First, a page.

BWW Review: Antony Nunziata Wins Hearts with THE GREATEST LOVE SONGS at 54 Below
It was a love-fest last night at Feinstein's/54 Below. Sure, it was Valentine's Day, so love was definitely in the air, and it certainly helped that (according to this writer's table companions) the food on the Valentine's Day menu at 54 Below was even more amazing than usual. Of course, the stellar staff at the swanky midtown West supper club was as smooth as ever (at times they almost put The Waiter's Gallop to shame) so there was simply no way around it: whatever musical act walked out on that stage was going to make this crowd happy.
But THIS crowd had Anthony Nunziata.
Mr. Nunziata, a much-loved artist on the concert circuit, was the right man to book into Feinstein's for Valentine's Day because he is also widely hailed as one of the most romantic singers on the scene today, creating music reminiscent of Julio Iglesias and Jim Brickman. With his new cd, THE LOVE ALBUM recently released, Nunziata created a 70-minute show of nothing but love songs, some from the cd, some from his collection of favorites, and some from his family history. Make no mistake, singing an hour (or more) of nothing but love songs is a very tricky, even a dangerous, choice because so much time spent on the genre of love songs runs the risk of becoming a bit twee after a while. Fortunately, Mr. Nunziata has earned much experience from years of performing, both on his own and with his brother, Will Nunziata, in their duo act. Brother Will is currently laser-focused on directing while Anthony is excelling as a songwriter, but the Nunziata men know who they are as individuals and entertainers, what works for them on the stage, what's good, and what goes. The result of this studied expertise has made it possible for Anthony to take the lead on this concert that he, himself, put together as writer, director, and soloist.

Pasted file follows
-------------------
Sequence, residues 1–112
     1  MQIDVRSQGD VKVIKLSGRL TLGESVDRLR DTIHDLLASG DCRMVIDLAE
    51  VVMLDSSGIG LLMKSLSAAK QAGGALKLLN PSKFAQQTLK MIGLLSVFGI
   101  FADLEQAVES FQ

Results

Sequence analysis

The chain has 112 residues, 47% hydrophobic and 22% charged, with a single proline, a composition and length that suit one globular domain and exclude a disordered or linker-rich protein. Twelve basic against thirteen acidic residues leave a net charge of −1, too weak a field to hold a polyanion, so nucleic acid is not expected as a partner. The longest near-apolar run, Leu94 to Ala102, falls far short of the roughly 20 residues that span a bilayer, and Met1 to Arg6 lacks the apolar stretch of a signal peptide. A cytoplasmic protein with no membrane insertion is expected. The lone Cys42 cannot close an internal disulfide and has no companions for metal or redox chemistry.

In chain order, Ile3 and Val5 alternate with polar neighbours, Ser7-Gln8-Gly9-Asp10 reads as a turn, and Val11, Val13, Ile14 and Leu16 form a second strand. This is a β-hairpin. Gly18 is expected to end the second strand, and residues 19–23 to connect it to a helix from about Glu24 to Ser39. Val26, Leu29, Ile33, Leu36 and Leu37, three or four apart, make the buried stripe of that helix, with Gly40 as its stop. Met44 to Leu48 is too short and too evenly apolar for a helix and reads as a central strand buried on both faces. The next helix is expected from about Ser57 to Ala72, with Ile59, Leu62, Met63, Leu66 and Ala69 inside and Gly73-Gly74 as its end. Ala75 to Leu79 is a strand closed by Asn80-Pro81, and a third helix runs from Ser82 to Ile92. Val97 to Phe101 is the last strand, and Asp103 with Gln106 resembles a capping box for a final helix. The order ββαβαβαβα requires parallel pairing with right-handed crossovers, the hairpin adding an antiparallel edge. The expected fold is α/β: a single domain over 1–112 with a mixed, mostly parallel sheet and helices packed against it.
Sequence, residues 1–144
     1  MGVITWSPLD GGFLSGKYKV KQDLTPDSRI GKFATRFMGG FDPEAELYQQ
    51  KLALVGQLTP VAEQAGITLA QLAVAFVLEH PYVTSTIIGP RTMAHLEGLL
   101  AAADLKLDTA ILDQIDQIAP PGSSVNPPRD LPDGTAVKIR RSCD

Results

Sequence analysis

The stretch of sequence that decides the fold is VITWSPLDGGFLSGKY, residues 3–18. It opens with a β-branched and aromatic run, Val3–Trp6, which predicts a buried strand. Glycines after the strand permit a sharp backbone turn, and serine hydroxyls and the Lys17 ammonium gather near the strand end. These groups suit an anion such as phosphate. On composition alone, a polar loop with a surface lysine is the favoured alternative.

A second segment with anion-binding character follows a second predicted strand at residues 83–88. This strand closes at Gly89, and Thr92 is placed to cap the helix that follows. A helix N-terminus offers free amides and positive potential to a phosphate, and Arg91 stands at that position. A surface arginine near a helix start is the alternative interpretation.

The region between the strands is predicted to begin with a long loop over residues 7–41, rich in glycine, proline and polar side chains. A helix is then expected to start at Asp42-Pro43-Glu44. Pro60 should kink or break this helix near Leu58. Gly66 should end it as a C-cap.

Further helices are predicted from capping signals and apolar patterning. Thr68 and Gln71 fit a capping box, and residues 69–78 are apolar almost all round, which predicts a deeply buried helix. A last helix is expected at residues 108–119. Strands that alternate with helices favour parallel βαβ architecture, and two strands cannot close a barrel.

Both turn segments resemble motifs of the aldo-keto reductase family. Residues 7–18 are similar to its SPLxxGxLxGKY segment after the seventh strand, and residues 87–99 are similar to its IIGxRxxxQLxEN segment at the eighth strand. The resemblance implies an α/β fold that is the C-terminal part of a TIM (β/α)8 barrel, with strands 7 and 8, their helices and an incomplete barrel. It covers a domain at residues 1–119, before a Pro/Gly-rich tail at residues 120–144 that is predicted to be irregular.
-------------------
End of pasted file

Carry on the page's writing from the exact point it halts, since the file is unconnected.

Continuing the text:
The concert itself does avoid the saccharine, even with the abundance of ballads, thanks to up-tempo numbers that allow Anthony to rock out, giving off an impression that he should be pursuing work as an actual rock singer because he is extremely expressive with his physicality when it comes to his enjoyment of the music and the rhythms. Simply watching Nunziata take a deep dive into the musicality of the evening is enough of a show, but add to that a voice that is tailor-made for adult contemporary music and it is entirely possible to visualize him in huge concert arenas performing the same works that he brought to the more intimate setting of Feinstein's/54 Below - and he sure has the notes for the big arenas, too. This is a voice that has been trained and continues to be trained right up into the present - there's no way he could do some of the things he does, vocally, were he not committed to the ongoing perfection of his craft, a fact made evident by a stunningly arranged "I Can't Help Falling In Love With You/Unchained Melody" during which Nunziata displays precise control over his vocal prowess.